Hope to see some of you during our abbreviated gathering.


Somehow, I doubted that many people would see that post, as most were probably already heading out the door. So despite my best efforts, the sail away party would most likley be a bust. Oh well… I printed out the nametags and some signs anyway.

Cruise preparation and packing time decrease radically with experience. It took us three full and active months to get ready for our first cruise. This time, we waited until after dinner on the eve of the cruise to begin preparing. I spent about three hours collecting and packing electronic gear, tools and other miscellaneous necessities, followed by about 20 minutes attending to clothing. Kris and I operated in unison, like a well-oiled machine. We piled everything up neatly, stuffed it into ziplock bags, hauled the suitcases out of storage and dusted them off. Before the late newscast, the suitcases were packed and lined up by the door, ready to go.

“You’d better put some plastic bags over the suitcases,” said Kris as we admired our handiwork.

“Why?” I asked.

Kris nodded in the direction of the two dogs, who were watching the activity with concern. “They know something is going on, and they probably know it doesn’t involve them. They might decide to leave their mark.” She said.

I wouldn’t put it past them, recalling the time my suitcase triggered the nitrate detection system at Logan airport. The security personnel questioned me at length about fertilizer exposure. The best explanation I could offer was that I’d put some grub killer on the lawn once. It wasn’t until later that the most likely source occurred to me. “I’ll put the luggage in the garage,” I said. With the luggage stored safely, we drifted off to sleep – visions of whitecaps danced in our heads…

Kris can’t seem to stay in bed past 5:00 a.m. these days, but I have no such trouble. By the time I rolled out of bed and strolled into the kitchen for coffee at 8:30, Kris was ready for lunch.

“Let’s get to the ship really early,” Kris said.

“We can’t board until about 11:30,” I said. “What’s the rush?”

“We can go to the buffet,” she answered. “I’m trying not to eat, because I want to be really hungry when we get there.”

“What time is your mother supposed to be here?” I asked.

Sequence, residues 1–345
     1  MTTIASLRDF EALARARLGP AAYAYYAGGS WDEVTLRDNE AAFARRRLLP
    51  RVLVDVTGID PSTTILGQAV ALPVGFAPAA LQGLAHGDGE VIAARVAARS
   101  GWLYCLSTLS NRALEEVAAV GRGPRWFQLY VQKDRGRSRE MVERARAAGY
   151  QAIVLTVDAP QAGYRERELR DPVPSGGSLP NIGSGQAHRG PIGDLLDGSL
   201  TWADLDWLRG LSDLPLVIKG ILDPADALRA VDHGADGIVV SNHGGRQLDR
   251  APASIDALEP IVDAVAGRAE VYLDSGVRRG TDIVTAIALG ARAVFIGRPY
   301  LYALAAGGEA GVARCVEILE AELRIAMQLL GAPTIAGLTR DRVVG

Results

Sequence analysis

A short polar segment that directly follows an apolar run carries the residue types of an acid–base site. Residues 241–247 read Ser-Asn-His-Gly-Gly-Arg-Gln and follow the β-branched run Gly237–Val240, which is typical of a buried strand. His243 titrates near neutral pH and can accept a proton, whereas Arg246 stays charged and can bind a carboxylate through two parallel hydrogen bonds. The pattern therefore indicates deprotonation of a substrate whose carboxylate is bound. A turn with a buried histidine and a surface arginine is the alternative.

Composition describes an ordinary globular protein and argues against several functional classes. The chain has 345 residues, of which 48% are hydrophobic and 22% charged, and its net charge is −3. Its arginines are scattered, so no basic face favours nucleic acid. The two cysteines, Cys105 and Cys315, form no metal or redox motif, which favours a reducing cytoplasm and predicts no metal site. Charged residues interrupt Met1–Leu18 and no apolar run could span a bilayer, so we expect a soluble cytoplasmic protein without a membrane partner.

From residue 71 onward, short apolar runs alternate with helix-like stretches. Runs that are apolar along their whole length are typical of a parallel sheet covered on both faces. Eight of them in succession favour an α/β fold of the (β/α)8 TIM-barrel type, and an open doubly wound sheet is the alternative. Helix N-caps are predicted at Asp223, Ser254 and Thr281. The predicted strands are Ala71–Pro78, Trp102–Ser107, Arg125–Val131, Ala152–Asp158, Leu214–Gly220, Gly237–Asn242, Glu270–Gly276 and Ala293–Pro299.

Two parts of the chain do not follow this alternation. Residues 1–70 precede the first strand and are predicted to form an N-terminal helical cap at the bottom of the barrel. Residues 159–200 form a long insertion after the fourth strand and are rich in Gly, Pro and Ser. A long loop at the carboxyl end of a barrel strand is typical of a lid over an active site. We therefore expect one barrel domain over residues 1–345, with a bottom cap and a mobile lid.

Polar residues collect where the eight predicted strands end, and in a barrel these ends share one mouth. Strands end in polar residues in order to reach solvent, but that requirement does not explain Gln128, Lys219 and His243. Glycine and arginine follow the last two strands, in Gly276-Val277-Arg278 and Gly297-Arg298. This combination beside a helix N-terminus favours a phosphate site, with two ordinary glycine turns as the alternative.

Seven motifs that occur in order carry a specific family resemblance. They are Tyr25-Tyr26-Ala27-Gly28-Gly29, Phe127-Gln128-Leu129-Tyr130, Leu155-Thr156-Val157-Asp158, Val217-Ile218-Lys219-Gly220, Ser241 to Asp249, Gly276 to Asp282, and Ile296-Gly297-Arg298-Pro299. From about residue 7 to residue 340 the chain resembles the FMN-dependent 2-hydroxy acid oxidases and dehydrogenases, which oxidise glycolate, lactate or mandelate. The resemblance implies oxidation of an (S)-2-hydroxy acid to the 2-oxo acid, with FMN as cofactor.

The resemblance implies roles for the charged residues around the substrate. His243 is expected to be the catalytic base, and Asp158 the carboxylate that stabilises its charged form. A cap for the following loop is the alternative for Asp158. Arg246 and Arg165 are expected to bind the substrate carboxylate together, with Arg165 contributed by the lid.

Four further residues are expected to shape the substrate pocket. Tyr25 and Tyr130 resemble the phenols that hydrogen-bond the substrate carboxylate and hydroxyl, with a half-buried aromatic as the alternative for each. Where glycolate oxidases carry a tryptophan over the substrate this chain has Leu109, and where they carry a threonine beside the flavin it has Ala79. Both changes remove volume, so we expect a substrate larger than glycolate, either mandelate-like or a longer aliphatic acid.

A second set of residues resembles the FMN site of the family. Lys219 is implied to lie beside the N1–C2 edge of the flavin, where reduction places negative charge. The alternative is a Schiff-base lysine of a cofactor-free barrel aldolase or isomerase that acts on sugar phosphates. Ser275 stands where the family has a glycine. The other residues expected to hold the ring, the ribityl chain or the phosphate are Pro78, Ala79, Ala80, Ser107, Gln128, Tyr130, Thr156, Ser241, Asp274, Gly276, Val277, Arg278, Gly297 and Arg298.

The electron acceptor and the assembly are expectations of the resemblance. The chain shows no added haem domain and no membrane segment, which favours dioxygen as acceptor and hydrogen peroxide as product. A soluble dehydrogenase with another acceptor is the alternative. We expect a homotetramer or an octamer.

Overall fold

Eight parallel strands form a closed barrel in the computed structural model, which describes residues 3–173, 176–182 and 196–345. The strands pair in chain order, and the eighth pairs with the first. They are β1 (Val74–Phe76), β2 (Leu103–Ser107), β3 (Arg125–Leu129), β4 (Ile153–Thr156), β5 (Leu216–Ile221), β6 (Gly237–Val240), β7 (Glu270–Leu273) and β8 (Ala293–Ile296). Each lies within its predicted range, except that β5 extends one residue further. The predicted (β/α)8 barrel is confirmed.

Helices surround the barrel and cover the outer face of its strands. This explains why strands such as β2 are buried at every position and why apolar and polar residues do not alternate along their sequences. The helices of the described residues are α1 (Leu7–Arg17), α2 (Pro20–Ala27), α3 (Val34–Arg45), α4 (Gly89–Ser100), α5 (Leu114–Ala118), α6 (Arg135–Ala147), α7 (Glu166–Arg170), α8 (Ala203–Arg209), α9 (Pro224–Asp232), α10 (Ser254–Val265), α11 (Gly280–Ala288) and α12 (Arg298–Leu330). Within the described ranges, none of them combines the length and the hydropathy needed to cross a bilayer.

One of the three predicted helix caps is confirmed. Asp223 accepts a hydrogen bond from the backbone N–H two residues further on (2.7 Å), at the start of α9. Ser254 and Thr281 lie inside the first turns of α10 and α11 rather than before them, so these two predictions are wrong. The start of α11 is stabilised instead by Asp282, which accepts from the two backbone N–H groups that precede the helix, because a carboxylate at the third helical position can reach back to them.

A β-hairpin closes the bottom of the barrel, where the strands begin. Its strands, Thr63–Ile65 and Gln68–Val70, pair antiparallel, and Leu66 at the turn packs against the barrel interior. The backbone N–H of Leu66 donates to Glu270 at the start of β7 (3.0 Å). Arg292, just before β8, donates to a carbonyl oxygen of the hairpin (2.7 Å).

“About 9:00.”

“Good. We’ll leave here at about 10:15.”

“Why not 10:00?” Kris asked.

“I want to give my mother some extra time in case she needs to call.” The dogs started going bananas, which indicated the arrival of Pat.

We recruited sons Ryan and Wells, secured the overexcited dogs and went down to the driveway to transfer luggage to our car.

Midnight Buffet items available at

“What great shirts!” said Pat as we came into view. I’d had a pair of t-shirts made for me and Kris – they read What Time Is the Midnight Buffet? “Do I get one?” she asked.

“I’m sorry – I only got two,” I said. I blew it…

“What’s the matter with your eye?” asked Pat.

“Your daughter hit me,” I said.

“I did not!” said Kris.

“Now, now…I know you wouldn’t do that, dear.” Pat knew I was joking, but this eye thing was drawing entirely too much attention. I hoped I wasn’t going to scare people.

“I think it makes him look like Jack Nicholson in The Shining,” said Kris.

I cast an evil grin…

The next hour was spent leaving instructions for the boys. Wells would be traveling to Connecticut to spend half the week with my father, at which time my sister would take over. Ryan was in charge of keeping the pets alive.

We left the house at 10:07:30 – compromise is important. After a stop for gas, we joined the moderate stream of traffic heading for Boston. I listened to Click and Clack (Car Talk) on the radio, while the girls chatted up the cruise. Kris prepared her mother for every step of the process that we’d go through to board – in minute detail. I caught parts of the conversation as I drove about ten miles-an-hour slower than usual – no need for any disasters this morning…

“Did you put your luggage tags on? He’ll drop us off and park the car…they’ll take our luggage, but keep your carry-on…do you have your ticket?…better make sure…passport?…we’ll check in at the desk…get your room card…do you have a credit card?…if they want to take our picture, keep walking…”

I gathered that Pat was fully prepared. As we neared Boston, I asked Kris to read the directions to the port. This was only my second time negotiating Boston’s infamous “Big Dig.” Since its recent opening, the city has become an unfamiliar place again – thirty years of Boston navigational skills rendered worthless overnight. The transformation is remarkable.